Best female PhD students 2018 - Eline van der Kruk

News - 28 February 2019

Next Friday we celebrate the International Women’s Day. In the lead up to #IWD2019, we'll be posting profiles of our 2018 Cum Laude female PhD candidates on our Twitter account. The best female PhD student at TU Delft for 2018 will be awarded at our annual DEWIS symposium on 4 March. With this award, DEWIS rewards the quality of the PhDs dissertation and places her extraordinary achievement in the spotlights. #IWD2019 #BalanceforBetter.

‘Hi, my name is Eline van der Kruk and I did my PhD at the faculty of Mechanical, Maritime and Materials Engineering at the Department of BioMechanical Engineering. I have a Bachelor’s degree in Industrial Design Engineering and a Master’s degree is in Mechanical Engineering.’

What was your PhD research about? Why is this important?
‘The aim of my PhD project was to improve the performance of speed skaters by providing real-time feedback during skating. This project was a collaboration with the Dutch national long-track and short-track speed skating team. Although speed skating has existed for centuries, it was not yet clear what the optimal skating technique actually is. Skating is a motion with many interconnected variables, and there seem to be different optimal techniques for different speed skaters. Therefore, we developed computer models based on dynamics to simulate and optimize the speed skating motion. Also, we developed real-time feedback systems, such as instrumented (klap)skates to measure the movements of the skaters and provided them with real-time feedback via a smart glass.’

What did you find attractive about your research?
‘As a student, I was inspired by the story of a Chinese researcher who developed a physics model to predict that, opposite to everyone’s convictions, a certain gymnastics exercise should be feasible, and thereby made an athlete win the Olympics. Ever since, I knew I wanted to use dynamic models to predict and improve human motion, both in sports and in restoring impaired movement. This PhD research gave me the opportunity to develop these models for the Dutch national speed skating team. I was attracted by the chance to directly work with elite athletes. When you develop for the very best, you need to work on the cutting-edge of technology, and I like a challenge. The combination of theoretical (fundamental) research combined with direct application and implementation is what attracts me in a project.’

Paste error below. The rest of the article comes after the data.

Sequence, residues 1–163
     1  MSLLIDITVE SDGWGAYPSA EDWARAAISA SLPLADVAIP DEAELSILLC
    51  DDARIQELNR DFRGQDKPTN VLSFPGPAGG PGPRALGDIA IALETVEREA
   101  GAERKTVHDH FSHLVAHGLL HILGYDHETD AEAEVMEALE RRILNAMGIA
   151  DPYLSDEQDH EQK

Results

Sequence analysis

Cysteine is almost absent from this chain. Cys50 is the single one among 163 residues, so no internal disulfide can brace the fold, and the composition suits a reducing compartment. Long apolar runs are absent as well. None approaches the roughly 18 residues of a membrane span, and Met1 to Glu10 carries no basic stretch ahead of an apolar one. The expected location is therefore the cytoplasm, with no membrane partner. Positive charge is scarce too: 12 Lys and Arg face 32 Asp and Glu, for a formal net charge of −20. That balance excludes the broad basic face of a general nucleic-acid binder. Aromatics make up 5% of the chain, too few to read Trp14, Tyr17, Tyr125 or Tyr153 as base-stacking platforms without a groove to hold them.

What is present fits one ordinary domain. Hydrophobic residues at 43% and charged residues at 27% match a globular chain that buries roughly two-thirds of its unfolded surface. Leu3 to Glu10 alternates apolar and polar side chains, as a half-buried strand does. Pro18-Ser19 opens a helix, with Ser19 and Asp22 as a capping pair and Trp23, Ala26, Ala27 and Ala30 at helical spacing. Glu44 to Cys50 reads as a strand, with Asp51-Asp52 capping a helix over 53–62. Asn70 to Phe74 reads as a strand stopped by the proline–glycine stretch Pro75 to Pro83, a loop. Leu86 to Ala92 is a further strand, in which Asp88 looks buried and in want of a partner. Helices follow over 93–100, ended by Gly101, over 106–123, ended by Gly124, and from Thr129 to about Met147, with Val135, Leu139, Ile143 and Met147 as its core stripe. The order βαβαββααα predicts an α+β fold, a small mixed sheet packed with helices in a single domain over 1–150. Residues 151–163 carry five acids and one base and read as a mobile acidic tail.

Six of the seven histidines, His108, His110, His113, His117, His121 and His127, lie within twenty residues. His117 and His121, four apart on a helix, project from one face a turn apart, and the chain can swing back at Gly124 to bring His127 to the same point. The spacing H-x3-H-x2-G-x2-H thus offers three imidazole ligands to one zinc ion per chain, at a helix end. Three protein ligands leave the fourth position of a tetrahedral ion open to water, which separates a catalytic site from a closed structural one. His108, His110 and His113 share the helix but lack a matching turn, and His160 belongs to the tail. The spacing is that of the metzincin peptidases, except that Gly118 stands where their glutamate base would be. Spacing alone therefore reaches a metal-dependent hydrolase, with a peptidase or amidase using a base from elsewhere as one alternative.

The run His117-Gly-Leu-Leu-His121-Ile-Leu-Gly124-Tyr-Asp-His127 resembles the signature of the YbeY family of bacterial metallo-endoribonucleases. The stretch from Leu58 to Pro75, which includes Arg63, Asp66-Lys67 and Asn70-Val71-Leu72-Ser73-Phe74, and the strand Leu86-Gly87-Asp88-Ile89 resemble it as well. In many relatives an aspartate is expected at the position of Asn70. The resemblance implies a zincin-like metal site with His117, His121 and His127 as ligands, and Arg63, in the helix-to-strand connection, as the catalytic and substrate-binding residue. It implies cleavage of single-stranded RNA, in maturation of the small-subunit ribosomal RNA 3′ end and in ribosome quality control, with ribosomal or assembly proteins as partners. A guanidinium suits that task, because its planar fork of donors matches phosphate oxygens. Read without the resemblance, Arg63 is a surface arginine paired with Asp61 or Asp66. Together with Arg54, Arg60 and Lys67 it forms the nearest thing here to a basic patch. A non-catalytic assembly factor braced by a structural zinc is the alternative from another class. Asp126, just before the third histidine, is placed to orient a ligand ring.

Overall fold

What were the obstacles and difficulties? How did you tackle them?
‘Oh yes, several, as any PhD student will tell you. My two main challenges were to convince the elite skaters and their coaches of the benefit of participating in research (even if there were no direct results) and to perform measurements on an ice rink (rather than the controlled environment of a lab). These two challenges came together when I wanted to measure the 3D movements and push-off forces of the skaters on the ice. Eventually it turned out to become one of the biggest accomplishments of my PhD research. During four overnight measurements at Thialf, we captured the 3D movements and push-off forces of several national and Olympic speed skaters using self-made instrumented klapskates and special 3D motion capture cameras. It took over a year to set-up the experiment and 15 people (out of three countries) to help me out during these measurements to accomplish this. It was the largest volume measured in 3D human motion capture so far. We therefore had a unique dataset. But as with anything in research, the next challenge was not far ahead. When analysing the data it turned out that we lost part of this dataset due to a mis production in the purchased USB drives on which we had saved and back-upped our data. This was the biggest set-back of my PhD. Luckily, we found a way to work around the missing data, and we gathered enough data to find answers to the research questions. I feel that the main skill you gain during a PhD project is tackling obstacles and dealing with set-backs.’

What was your next step? What are you doing now?
‘My aspiration is to establish a human performance lab focussed on optimization of human movement in both sports and daily life, for anyone. But I am not there yet. After my PhD, I applied for a NWO Rubicon grant, which allows researchers to gain experience at a university outside of the Netherlands. I applied to go to Imperial College London, to use predictive simulations to predict mobility impairments in elderly people. After some wanderings while waiting for the results of the grant application, I moved to London a couple of months ago. Here I now analyse how the decline in our muscles, bones, and neurological system due to ageing results in movement limitations and how we can prevent these mobility impairments. In this research I collaborate directly with elderly people and clinicians in hospitals and nursing homes. So again, my project has both the fundamental side and the direct application side. Apart from exploring London and starting up this new research, I am passioned to share my enthusiasm for engineering and science, so I started vlogging, first for NWO, and now via our own channel ‘Scenes behind Science’. Here you can find out whether I manage to establish my vision! ‘

Read all the interviews with all female Cum Laude PhD students of 2017-2018 here.